- Published on Wednesday, 11 September 2013 01:30
- Written by Eliza Ridgeway - Staff Writeremail@example.com
Visit the Maryknoll community on Cristo Rey Drive in Los Altos on the right day of the month, and you’ll witness a spectacle of playing dogs and reminiscing priests.
The sanctuarylike acreage just across from Rancho San Antonio Open Space Preserve houses two dozen retired brothers and priests from the Catholic Foreign Mission Society. First established in 1911, it drew men who wanted to serve their faith by building social welfare programs in developing economies in Asia, Latin America and Africa.
The assembled pets and their human chaperones visit from Furry Friends Pet Assisted Therapy Services. The Bay Area group sends volunteer teams to visit people living in nursing homes, health facilities and shelters – the folks who aren’t able to keep pets themselves.
Los Altos resident Judy Brigham, who heads up the team that visits Maryknoll each month, explained that they practice pet therapy – the application, quite literally, of pets to the people who need some time with a loving animal. Take one snuggle from a shih tzu, and then return to your regular health regimen. Any animal that enjoys human companionship is welcome to join the group, but the Maryknoll posse was strictly canine, including a German shepherd, a greyhound and two shih tzus.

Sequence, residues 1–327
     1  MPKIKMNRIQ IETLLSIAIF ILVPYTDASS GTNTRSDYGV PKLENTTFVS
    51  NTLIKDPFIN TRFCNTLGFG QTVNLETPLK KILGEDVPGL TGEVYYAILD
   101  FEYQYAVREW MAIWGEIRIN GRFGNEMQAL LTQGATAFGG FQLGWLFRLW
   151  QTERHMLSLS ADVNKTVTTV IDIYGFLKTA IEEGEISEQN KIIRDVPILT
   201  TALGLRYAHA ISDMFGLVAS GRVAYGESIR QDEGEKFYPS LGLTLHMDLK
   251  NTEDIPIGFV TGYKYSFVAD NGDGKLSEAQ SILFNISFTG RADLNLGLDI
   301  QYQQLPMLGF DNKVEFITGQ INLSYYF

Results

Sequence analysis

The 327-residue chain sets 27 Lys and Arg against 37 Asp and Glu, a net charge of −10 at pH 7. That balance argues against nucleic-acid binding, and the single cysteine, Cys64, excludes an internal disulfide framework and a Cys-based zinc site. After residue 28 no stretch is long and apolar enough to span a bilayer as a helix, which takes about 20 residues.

Priests hold their visitors (or get a full-body lean, from the larger dogs) and, with little prompting, share their stories of animal encounters past. From rabid dogs in the Philippines to mongoose-hunting island dogs in Hawaii, the fathers and brothers have seen their share of canines while serving around the world.
Brother Duane Crockett found himself enfolded in the lengthy curve of Liberty, a retired racing greyhound who melted against his legs. Crockett has lived at Mary- knoll for more than a decade, after serving around the world and, more recently, at the Veterans Affairs Palo Alto Health Care System.
“Our group has been in 32 countries in the world. We bring the word of God through assisting in projects to better their lives,” he said of the communities they’ve served in.
On a typical day now, the retired men see rabbits, wild turkeys, perhaps coyotes during the right season – but they lack the steady presence of loved pets.
Finding a canine calling in volunteer visits
On a visit this summer, everyone gathered in the shade underneath cedar trees in Maryknoll’s garden to scritch ruffs and watch the pups perform. Liberty demonstrated her speed on command, a streak of gray racing across the lawn at up to 40 mph.
When she isn’t at Maryknoll working the crowd, Liberty visits a school in Santa Clara where students practice their literacy by reading to her.
Bella, one of Brigham’s shih tzus, began life as show dog before retiring and finding her new, adoptive, home.
“She misses the ring,” Brigham said of Bella’s glory days. “Show dogs and greyhounds from the track get used to being handled from birth.”
Bella’s counterpart, Simba, “tolerates everything,” Brigham said, recounting a time when he stayed calm in the arms of a Parkinson’s patient whose grip became involuntarily rigid, pinning the dog in place.
Dogs interested in joining Furry Friends only need basic obedience training and undergo a screening process with their owners. A volunteer role-plays the use of a wheelchair and canes. Trainers watch for the pup’s reaction – for instance, when an exuberant young golden retriever jumped on a wheelchair’s (simulated) occupant, they decided the dog should head toward juvenile hall, where young people yearn for that kind of lively energy.
The group, a nonprofit, is always open to new members.
For more information, visit furryfriends.org.